I love France. It is right at the top of the list of places I have visited that I can’t wait to go back to. Given that, the idea of a cookbook that would take me on a journey into life in France? Pretty exciting.
The first thing I noticed when I received “A Kitchen in France” was how beautiful the book was. The photographs throughout are extremely well done. They make me want to visit. They make me feel like I’m already there. They make me want to eat this food.
Next, there’s the organization of the book. It’s split into seasons. I kind of love this approach to designing a cookbook. I don’t need to see those wonderful strawberry recipes in October.
Then I dove into the content. The recipe introductions are well-done, at least in terms of making me feel like they are telling author Mimi Thorisson’s story. Unfortunately, unlike say, the amazing Dorie Greenspan, the stories here didn’t feel relatable. It felt like a fantasy world of semi-rustic French life that let’s be honest here, I’m not going to be living unless the lottery comes calling.
Finally, there are the recipes themselves. I so very much wanted the recipes to be the kind that would transport me back to those fantastical French moments. I wanted them to be recipes we could cook at home and introduce our family and friends to the wonders of France. Bottom line? They are not those kind of recipes. Throughout the book, I felt like the recipes were predominantly special occasion fare, or worse, in the “yeah, you’re never making this at home” category. I made a list of recipes from the book that I would personally feel comfortable trying at home (and I’m fairly willing to take just about any risk on a recipe that is at least sort of accessible – provided it sounds good, won’t break the bank, and walks me through the parts that sound daunting). That list contains 24 recipes. The book contains around 100. That’s not terrible, but then I reviewed the list of 24 that I would attempt:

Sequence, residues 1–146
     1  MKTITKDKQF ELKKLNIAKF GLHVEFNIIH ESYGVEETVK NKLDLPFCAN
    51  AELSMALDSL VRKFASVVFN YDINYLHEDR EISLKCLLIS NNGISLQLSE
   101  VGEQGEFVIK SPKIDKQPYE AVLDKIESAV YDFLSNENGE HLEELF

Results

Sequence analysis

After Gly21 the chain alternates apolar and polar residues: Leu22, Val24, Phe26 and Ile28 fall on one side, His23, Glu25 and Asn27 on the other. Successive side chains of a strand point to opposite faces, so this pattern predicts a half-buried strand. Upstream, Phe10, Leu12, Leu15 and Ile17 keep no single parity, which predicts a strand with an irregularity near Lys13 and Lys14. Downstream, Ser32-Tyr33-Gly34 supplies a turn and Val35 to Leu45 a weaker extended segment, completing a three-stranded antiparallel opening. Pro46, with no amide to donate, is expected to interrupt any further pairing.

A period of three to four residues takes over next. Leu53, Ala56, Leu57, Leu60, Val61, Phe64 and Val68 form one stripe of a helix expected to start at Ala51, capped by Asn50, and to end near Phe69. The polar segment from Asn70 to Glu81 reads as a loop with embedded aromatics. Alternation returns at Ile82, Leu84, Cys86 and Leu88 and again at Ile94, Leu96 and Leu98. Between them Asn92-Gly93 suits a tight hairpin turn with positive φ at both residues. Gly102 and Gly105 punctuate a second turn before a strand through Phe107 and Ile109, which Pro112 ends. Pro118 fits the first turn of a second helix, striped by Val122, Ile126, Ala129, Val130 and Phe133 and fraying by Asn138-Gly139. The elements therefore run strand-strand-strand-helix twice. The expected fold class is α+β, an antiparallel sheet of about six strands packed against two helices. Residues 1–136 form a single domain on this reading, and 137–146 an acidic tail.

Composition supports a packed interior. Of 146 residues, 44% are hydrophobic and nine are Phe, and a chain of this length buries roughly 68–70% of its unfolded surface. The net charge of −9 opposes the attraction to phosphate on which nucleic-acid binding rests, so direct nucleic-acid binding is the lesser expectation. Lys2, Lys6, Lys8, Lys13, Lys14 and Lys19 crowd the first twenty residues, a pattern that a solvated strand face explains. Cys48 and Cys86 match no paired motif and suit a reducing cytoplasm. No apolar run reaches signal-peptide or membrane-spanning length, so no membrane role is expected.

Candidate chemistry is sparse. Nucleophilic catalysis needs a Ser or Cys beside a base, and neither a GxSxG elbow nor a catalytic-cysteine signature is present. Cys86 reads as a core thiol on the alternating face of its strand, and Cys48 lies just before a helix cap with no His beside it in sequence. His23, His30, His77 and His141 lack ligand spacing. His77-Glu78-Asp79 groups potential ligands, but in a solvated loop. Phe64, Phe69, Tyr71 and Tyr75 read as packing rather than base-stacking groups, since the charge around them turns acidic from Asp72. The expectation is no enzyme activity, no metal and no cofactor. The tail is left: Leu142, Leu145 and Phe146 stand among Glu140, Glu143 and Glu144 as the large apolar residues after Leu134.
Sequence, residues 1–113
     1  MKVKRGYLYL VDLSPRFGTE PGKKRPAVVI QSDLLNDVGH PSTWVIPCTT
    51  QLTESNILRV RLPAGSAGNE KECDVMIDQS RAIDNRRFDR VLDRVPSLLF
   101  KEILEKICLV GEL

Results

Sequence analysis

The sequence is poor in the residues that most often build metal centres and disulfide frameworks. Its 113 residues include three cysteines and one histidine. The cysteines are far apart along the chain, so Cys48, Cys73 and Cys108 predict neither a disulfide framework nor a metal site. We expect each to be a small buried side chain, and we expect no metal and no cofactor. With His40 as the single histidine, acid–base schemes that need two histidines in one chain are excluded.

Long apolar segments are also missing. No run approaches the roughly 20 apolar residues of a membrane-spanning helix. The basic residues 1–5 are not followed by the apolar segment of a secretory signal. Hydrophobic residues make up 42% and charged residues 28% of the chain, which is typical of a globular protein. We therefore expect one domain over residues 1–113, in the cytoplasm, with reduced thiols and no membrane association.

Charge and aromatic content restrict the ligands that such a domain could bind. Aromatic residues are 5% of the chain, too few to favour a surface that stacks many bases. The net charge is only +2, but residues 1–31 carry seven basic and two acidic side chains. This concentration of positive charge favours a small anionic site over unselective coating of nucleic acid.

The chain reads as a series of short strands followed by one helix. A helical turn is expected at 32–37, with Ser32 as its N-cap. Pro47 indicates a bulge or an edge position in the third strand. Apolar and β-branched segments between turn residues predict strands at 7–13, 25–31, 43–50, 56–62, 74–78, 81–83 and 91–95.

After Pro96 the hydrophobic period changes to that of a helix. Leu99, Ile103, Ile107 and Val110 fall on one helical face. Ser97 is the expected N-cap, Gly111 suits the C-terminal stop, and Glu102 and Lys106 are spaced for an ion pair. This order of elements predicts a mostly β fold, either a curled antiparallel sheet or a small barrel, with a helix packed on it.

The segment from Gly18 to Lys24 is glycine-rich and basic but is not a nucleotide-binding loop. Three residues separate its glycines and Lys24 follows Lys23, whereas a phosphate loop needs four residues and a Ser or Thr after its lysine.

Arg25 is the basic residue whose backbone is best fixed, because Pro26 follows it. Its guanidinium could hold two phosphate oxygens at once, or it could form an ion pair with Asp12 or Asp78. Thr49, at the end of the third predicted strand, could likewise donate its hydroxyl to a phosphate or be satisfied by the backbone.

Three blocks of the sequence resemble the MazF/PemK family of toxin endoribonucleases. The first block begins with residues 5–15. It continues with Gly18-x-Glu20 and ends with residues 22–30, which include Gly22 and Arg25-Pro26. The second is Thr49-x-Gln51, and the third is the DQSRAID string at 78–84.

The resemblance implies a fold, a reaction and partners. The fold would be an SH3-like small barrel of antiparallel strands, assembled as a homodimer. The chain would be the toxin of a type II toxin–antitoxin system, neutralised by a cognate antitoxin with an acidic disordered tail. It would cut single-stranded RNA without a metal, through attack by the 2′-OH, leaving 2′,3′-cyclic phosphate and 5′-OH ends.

Roast Chicken, Bouillabaisse, Couscous, Strawberries in Wine with Mascarpone Cream, Panna Cotta, Soup, Gratin, Chocolate Tart, Coq Au Vin, Madeleines, Waffles
There’s nothing wrong with including recipes for these things in a cookbook. It’s just that they are not special. There’s little in the recipes here to make me want to make them instead of the recipes I already use.
In summary, if you want a book that will make you dream of living in the French countryside, curl up with the pictures and some of the stories here. If, on the other hand, you are like me and are trying to create a family meal plan (or even host a dinner party), I think you will want to look elsewhere for your needs.
I received this book from the Blogging for Books program in exchange for this review.